Liz, I am following your Copic journey with interest! I have never use them in an architectural way so I come from a different perspective. The one comment I have about this particular article is that in some instances it seems to me you are not using new Copic pens but old ones. They last forever and it’s very tempting to keep using old ones! But in the instance of the sky it’s much better to have an alcohol filled pen that doesn’t make streaky lines in my view! They make an extraordinary range of colors so good luck in finding the darker end.

    • Liz Steel says:

      Hi Betty – yes, these are all old markers – all of them are at least 9 years old! I did order some new ones and some refill inks but they hadn’t arrived in time for any of these sketches. Sometimes I like the texture created by the old streaky markers though 🙂 and I’m also layering over pencil. Into texture rather than smooth shapes at the moment (using these markers in smooth washes is something I did a lot as an architect but don’t care so much to do with my sketching) Will have to look for some more dark colours- thanks!

  • Jamie C says:

    I see that pale blue in the trees, like you did with colored pencil! The textures you achieve are great,a new not something I would have thought could be achieved with Copic, but your style and technique really shines through! Love these. I get a bit rigid thinking I can do things only one way, so it really is wonderful to see your play on the page!

    • Liz Steel says:

      Hi Jamie – yes I am layering the same coloured pencils as for my watercolour sketches… and the markers do activate the pigment of the WCPs into paint at times.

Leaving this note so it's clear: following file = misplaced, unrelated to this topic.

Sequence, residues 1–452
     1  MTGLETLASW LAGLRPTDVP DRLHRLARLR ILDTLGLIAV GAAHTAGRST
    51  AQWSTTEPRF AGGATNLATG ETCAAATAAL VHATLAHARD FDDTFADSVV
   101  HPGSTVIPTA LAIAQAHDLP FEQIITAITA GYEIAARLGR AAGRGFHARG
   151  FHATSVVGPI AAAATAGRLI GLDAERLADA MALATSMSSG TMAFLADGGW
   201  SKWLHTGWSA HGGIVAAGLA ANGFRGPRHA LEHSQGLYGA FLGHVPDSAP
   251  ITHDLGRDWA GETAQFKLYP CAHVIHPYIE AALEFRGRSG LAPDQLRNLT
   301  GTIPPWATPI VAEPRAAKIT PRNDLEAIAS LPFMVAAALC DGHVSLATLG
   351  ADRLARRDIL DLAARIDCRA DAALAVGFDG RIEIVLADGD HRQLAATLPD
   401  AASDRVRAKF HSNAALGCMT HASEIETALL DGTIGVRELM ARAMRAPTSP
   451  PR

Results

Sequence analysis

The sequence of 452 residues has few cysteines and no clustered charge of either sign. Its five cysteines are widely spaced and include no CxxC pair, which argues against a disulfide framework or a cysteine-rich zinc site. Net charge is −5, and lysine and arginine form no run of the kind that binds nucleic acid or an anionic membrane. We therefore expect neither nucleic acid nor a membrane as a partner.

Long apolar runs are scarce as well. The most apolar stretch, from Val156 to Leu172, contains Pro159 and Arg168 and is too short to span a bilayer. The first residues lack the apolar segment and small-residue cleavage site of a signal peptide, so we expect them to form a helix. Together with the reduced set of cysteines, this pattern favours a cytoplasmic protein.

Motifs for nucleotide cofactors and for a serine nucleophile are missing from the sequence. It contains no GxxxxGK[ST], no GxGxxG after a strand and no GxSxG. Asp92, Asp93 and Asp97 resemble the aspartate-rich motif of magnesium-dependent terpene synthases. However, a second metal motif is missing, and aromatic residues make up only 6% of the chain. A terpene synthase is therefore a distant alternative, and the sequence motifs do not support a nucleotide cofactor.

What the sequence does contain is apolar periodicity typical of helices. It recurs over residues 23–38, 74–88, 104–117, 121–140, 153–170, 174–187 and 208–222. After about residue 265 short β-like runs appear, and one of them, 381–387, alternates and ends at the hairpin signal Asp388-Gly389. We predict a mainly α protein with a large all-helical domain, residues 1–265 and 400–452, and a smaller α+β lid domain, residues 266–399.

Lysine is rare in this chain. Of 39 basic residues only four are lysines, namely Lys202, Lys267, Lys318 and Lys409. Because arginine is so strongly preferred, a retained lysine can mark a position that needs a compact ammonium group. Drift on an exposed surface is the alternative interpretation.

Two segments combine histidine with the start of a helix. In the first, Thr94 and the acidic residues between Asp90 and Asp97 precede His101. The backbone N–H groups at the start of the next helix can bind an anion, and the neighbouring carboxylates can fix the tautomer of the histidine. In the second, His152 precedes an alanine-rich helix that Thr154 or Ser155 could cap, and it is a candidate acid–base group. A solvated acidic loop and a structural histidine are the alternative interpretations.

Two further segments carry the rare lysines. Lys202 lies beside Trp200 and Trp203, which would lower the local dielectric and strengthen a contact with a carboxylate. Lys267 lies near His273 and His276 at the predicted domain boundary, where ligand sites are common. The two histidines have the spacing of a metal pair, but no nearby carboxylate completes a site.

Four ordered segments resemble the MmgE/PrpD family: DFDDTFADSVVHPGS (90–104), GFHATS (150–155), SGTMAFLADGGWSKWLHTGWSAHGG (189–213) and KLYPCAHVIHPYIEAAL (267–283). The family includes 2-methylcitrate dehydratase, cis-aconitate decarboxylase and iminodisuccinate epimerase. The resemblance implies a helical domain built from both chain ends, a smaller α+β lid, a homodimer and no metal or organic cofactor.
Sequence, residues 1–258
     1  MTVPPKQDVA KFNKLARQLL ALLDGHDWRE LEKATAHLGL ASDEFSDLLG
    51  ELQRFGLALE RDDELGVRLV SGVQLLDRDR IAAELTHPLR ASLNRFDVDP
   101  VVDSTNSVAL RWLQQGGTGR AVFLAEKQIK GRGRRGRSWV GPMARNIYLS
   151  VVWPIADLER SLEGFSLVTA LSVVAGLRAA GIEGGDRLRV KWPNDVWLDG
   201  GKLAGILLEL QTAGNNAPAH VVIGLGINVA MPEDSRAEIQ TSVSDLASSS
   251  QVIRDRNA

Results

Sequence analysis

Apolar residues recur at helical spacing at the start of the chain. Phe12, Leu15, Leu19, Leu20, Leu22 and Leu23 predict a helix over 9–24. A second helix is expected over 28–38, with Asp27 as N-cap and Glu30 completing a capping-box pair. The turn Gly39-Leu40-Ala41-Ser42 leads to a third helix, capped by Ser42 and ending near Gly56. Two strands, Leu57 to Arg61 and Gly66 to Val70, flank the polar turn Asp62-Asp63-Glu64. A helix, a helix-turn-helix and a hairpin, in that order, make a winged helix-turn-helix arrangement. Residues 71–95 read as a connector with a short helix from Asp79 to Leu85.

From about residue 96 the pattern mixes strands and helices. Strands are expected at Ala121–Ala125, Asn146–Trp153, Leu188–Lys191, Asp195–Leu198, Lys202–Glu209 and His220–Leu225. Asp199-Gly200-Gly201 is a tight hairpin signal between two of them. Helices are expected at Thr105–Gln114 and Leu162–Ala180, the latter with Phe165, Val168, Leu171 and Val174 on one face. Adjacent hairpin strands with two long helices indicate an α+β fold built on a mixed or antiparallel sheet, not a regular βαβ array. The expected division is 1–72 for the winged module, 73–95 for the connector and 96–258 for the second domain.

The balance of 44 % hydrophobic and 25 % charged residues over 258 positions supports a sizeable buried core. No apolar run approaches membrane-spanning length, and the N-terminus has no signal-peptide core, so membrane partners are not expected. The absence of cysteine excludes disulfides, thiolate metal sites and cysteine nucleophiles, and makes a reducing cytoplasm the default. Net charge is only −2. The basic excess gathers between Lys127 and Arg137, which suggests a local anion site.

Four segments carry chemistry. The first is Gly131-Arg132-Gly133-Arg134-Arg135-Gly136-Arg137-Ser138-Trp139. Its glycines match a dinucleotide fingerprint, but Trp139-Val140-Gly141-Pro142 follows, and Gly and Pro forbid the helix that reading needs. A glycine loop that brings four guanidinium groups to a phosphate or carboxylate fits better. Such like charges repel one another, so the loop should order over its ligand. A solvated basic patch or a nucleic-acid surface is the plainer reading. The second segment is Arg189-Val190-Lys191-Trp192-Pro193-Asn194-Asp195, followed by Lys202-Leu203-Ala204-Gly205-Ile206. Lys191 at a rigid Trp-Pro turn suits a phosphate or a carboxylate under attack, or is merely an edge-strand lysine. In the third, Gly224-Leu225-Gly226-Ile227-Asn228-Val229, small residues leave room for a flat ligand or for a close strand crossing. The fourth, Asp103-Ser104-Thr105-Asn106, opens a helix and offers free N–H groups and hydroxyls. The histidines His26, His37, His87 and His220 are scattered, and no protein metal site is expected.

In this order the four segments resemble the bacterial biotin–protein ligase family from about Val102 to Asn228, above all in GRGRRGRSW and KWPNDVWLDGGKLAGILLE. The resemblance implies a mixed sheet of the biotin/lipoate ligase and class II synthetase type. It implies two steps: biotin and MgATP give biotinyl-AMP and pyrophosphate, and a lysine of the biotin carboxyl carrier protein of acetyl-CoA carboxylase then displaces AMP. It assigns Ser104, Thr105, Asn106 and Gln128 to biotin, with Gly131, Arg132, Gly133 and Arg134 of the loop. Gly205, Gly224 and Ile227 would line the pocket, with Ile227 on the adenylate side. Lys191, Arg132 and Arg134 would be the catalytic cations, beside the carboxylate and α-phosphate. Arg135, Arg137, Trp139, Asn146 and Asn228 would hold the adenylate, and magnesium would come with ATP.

• Elaine mcgann says:

    I really like theMonday sept 30 and thurs drawings. I like the depth of those dark greens. You are so generous to share yourself with us. I m letting go more and more of needing to create something all the time. I m learning to appreciate just making marks and puddles of paint. So meaningful.

  • Ann Greitzer says:

    Hi Liz, I love your experimentation with markers! I use them exclusively with my portraits. Have you considered using a colorless blender pen to soften edges or blend colors? I can’t work without one, it is so versatile! It can provide a lovely wash-like effect. Love your work and your posts!!

    • Liz Steel says:

      Thanks Ann – I do have a blender but not used it yet. Right at the moment I’m loving working with the chisel tip and hard blocky edges!

  • manuela says:

    Thanks for sharing your marker thoughts and sketches with us. September 24 is a standout for me.
    I never seriously considered sketching with markers. You’ve inspired me to have a go.

    • Liz Steel says:

      Thanks Manuela – THat one is certainly a standout to me as well – it took all the other experiments to get there. Markers are great for sketching. Hope you try them 🙂